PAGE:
Wednesday, March 14, 2012

Opening Up the GD Toolbox: Redirection and Mutual Solutions

One of the toughest seasons I ever endured as a parent was when I was first pregnant with our third child.  I was throwing up at least seven times a day, and trying to parent a 3.5 year old and an almost 2 year old when I only wanted to lay on the couch and wallow in misery.  I wanted to be able to say something once and have my children obey perfectly without any follow through on my part.  Since they were real, live kids rather than stuffed animals, that was only minimally effective.

Photo credit Andy Welsh on Flickr
Whatever season of parenting you are in, I believe that the same pressures and temptations call out to us.  We want an easy button.  It becomes reflex to Just Say No.  What I learned, though, was that if I was willing to spend a little more energy in discovering the reason for the behavior and working on finding out something else that would meet that need, then there was much less energy required--physically, too, but especially emotionally.

Around that time, my 19 month old began to love hitting.  He wasn't even angry most of the time.  He just got a kick out of the sensation, the noise and the reactions.  We tried softly stroking our cheeks with his hands and telling him "Gentle touches".  He giggled and slapped again.  My temper and frustration were building, until I recalled something I had read by Dr. Sears.  We began teaching him to give us high fives.  His face lit up with delight, and he began to repeat it.  He still got what he was craving--the game, noise, sensation and excitement--but now it was in a socially acceptable way that didn't hurt anyone.  I would like to say that at least we got a little advance warning as he gleefully squealed, "High fibe!" before striking, but he usually didn't say it till he was already mid-strike.  Still, it was progress.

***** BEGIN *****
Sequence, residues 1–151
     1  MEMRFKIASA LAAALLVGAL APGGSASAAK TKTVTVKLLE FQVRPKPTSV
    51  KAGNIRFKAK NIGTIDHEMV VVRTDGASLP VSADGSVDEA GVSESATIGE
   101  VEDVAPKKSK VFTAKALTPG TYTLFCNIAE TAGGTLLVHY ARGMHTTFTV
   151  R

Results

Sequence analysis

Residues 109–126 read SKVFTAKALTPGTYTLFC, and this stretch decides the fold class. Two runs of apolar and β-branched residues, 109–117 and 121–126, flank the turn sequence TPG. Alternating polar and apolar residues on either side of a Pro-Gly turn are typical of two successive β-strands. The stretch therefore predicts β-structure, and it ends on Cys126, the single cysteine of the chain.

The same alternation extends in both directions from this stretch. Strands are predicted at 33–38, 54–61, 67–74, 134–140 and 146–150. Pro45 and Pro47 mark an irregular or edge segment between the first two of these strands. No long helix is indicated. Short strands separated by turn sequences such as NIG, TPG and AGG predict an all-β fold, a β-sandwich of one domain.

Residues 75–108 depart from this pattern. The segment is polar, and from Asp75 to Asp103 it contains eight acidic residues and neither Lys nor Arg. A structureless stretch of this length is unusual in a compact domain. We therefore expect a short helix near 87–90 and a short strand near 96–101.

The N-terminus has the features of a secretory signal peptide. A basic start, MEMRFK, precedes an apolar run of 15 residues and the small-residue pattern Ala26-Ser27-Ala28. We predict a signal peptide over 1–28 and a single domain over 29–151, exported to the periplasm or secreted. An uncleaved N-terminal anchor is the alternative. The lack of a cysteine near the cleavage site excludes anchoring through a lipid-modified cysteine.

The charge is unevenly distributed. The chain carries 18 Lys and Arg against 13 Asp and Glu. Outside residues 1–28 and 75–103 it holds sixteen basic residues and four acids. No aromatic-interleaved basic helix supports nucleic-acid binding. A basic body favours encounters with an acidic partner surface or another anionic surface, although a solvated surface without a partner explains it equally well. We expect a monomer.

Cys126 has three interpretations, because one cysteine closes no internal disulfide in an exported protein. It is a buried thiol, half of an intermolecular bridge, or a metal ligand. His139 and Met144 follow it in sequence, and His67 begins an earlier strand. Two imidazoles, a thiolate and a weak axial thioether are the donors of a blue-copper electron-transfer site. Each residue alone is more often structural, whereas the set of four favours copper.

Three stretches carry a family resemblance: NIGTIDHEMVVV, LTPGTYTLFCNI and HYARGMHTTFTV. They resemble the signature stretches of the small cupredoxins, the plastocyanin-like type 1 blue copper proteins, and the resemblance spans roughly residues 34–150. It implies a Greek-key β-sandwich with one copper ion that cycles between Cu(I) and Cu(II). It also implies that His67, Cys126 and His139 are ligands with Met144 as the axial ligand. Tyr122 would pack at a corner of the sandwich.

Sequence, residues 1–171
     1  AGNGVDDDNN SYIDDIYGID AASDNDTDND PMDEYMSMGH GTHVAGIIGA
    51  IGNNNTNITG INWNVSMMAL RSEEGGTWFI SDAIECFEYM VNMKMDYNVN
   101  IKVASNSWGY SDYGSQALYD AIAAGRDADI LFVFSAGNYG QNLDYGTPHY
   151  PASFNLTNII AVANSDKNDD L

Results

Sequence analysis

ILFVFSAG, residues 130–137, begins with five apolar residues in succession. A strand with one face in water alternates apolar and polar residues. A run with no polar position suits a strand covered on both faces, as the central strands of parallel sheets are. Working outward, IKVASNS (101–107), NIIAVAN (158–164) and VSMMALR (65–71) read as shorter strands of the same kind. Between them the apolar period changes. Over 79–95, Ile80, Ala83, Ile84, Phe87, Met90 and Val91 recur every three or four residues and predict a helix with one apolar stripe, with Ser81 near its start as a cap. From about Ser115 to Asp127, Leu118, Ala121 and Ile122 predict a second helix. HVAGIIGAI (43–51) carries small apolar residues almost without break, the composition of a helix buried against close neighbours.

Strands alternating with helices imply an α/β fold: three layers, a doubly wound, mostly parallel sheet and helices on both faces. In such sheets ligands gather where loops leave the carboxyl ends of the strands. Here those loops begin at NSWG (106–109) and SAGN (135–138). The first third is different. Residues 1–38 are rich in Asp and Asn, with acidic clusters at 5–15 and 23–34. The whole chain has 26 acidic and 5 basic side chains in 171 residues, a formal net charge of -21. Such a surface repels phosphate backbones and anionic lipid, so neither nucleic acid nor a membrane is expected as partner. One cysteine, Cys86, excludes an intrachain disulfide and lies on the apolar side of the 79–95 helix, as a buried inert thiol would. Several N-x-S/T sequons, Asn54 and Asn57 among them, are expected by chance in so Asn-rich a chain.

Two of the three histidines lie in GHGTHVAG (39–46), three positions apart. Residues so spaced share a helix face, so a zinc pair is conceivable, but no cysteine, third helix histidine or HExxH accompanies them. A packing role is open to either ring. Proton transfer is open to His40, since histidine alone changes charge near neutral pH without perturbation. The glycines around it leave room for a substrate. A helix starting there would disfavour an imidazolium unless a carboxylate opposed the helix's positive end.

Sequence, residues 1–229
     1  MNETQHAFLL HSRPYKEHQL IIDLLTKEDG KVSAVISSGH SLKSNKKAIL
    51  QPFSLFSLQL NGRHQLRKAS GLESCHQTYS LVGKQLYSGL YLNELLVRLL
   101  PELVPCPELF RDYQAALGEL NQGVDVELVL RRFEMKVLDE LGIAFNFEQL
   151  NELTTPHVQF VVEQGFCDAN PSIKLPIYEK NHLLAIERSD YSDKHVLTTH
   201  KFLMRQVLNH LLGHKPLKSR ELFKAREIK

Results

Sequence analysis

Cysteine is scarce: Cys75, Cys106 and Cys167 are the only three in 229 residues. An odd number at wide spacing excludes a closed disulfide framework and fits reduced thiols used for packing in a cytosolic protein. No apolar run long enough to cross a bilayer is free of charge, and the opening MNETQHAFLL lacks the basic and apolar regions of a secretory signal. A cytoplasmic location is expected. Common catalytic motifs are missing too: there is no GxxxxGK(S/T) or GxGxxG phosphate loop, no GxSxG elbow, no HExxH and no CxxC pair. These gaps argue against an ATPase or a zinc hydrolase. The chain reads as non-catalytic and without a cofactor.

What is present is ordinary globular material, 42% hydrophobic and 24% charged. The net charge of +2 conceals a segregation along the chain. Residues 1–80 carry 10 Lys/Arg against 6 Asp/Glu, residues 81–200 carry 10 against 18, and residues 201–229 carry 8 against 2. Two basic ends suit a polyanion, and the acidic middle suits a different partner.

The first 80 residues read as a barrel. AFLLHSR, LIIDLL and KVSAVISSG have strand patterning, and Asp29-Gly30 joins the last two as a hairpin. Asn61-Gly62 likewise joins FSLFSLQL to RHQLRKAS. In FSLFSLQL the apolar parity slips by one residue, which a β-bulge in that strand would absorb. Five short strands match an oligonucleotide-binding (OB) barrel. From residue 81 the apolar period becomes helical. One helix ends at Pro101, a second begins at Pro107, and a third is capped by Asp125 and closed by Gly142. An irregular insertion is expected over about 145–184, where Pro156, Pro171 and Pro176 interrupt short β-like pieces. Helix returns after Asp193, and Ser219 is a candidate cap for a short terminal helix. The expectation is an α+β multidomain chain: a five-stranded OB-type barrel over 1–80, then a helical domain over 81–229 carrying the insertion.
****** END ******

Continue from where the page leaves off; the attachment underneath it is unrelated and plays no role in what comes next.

I'll be honest.  Most of the time, when I am tempted to say no, it isn't because they want to do something morally wrong or even dangerous, provided my help and supervision.  It is because I don't want to spend the time and energy required to keep it from becoming dangerous.  Is that a good enough reason?  Sometimes, but not often.  When it is, then I have learned to streamline as much as possible, adapt my standards for all of us as much as I can, and worry about picking up the pieces once we are all in a place where we can do that.  The rest of the time, I must remind myself of my long-term goals for myself and my children.

I remember as a kid a friend who wouldn't even ask her parents for permission to do things (and we are talking about things that my fairly conservative parents would have approved without hesitation) because she was pretty sure that the answer would be no. She decided at an early age it was easier on everyone not to even put them (or herself) in that position.
   I don't want the default for my kids to be to shut me out and look elsewhere for guidance, help or even just fun and love.

One of the keys is finding out what their true need is and then helping them find a way to do it.  Is it a craving for attention?  Sensory input? Experimentation? Exploration?  Physical activity? Reassurance?